Lexical analysis is the process of taking a string of characters — or, more simply, text — and converting it into meaningful groups called tokens. This methodology has uses in a wide variety of applications, from interpreting computer languages to analysis of books. Lexical analysis is not synonymous with parsing; rather, it is the first step of the total parsing process, and it creates raw material for later use.
The building blocks of tokens, also called lexemes, can be generated in many ways, depending on the grammar required for lexical analysis. A common example of this is splitting sentences by words; this is frequently done by splitting sentences around spaces. Each continuous string of characters generated without spaces is a lexeme. Text strings can be split on one or many types of characters, creating multiple versions of lexemes with varying complexity. Tokens are generated after each lexeme has been evaluated and paired with its corresponding value; by definition, tokens refer to this pairing, not just the lexeme.
Lexical analysis, somewhat counter-intuitively, strips a text string of its context. Its purpose is only to generate building blocks for further study, not to determine if those pieces are valid or invalid. In the case of computer language interpretation, validation is done by syntax analysis, and validation of text can be done in terms of context or content. If an input string is completely divided into appropriate lexemes and each of those lexemes has an appropriate value, the analysis is considered to be successful.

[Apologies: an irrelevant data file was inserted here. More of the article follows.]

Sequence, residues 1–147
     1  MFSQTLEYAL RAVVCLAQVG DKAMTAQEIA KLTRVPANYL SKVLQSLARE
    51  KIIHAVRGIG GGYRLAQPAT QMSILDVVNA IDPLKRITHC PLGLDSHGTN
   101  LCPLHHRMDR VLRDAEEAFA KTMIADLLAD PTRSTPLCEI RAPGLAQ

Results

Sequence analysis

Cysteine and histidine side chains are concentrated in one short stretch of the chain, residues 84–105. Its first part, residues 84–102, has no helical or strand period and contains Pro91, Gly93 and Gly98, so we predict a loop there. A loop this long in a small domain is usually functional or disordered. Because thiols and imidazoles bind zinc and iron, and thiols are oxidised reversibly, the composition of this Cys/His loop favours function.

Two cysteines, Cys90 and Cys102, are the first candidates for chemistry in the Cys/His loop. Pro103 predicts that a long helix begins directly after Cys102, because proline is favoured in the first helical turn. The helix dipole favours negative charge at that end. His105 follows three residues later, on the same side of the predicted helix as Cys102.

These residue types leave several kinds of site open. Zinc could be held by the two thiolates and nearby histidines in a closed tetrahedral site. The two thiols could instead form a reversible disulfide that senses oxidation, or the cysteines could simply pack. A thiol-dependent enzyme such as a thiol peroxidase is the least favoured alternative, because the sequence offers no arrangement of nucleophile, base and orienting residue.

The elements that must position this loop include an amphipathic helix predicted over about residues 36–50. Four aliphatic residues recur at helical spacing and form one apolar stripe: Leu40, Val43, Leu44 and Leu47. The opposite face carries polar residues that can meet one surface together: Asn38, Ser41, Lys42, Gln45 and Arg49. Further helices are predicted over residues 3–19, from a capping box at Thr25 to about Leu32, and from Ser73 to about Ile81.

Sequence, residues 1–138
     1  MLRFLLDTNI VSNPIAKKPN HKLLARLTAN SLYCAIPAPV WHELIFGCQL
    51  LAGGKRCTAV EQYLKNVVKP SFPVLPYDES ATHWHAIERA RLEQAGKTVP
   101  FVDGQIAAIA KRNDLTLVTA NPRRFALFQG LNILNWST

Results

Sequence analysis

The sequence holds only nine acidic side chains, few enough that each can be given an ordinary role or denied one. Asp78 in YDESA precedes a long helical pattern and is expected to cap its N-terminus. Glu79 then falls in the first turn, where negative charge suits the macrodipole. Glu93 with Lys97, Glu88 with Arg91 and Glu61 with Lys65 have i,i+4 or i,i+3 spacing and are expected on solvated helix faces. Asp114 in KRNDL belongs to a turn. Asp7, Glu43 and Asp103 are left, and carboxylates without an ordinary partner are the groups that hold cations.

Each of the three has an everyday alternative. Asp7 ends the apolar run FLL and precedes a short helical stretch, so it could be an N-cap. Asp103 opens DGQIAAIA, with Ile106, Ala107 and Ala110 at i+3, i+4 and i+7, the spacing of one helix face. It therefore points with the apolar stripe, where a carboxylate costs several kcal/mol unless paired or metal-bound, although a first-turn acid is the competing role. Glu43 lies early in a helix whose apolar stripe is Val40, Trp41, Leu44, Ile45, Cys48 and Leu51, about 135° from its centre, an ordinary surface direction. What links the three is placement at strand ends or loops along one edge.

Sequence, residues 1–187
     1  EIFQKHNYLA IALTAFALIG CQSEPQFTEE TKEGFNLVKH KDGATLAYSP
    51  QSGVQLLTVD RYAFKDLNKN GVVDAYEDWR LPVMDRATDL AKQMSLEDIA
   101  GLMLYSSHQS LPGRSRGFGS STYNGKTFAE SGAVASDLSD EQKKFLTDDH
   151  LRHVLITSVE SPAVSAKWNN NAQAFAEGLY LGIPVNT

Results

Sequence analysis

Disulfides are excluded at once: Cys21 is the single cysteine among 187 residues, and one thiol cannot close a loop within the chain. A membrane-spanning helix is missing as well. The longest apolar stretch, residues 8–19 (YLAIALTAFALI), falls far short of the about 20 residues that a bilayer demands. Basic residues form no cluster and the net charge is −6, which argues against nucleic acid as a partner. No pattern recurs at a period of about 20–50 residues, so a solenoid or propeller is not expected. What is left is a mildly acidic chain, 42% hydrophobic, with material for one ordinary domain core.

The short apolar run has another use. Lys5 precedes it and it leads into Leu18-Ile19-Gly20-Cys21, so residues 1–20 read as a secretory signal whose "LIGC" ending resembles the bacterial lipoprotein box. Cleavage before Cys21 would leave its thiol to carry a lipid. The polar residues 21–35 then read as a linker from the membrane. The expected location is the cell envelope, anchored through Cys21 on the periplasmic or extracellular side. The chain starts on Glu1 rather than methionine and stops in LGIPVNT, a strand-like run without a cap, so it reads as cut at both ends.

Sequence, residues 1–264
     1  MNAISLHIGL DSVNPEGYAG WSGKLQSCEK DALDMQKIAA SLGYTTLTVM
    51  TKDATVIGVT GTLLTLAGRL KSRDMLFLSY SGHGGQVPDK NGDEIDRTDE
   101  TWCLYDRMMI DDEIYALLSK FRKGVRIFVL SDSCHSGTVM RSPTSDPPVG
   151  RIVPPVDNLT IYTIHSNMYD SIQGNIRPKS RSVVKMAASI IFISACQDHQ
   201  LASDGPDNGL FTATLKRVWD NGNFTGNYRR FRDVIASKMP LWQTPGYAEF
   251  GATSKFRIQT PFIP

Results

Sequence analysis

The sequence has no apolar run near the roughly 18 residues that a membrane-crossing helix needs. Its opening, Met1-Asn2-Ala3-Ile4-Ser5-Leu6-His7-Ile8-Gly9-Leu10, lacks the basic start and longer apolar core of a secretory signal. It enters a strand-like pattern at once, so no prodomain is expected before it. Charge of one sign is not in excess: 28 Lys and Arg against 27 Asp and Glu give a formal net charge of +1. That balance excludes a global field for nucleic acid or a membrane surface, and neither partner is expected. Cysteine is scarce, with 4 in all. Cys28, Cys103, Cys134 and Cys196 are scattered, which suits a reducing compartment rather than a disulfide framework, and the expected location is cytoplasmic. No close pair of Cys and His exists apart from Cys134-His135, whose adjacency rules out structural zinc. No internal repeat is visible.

Without context or the ability to perform validation, lexical analysis cannot be reliably used to find errors in input. A lexical grammar might have error values assigned to specific lexemes, and such analysis can also detect illegal or malformed tokens. Although finding an illegal or malformed token does signal invalid input, it has no bearing on whether the other tokens are valid, and so it is not strictly a type of validation.
Though lexical analysis is an integral part of many algorithms, it must often be used in conjunction with other methodologies to create meaningful results. For example, splitting a text string into words to determine frequencies makes use of lexeme creation, but lexeme creation alone cannot monitor the number of times a particular lexeme appears in input. Lexical analysis might be useful on its own if the lexemes themselves are of note, but large amounts of input might make analysis of raw lexemes difficult because of the volume of data.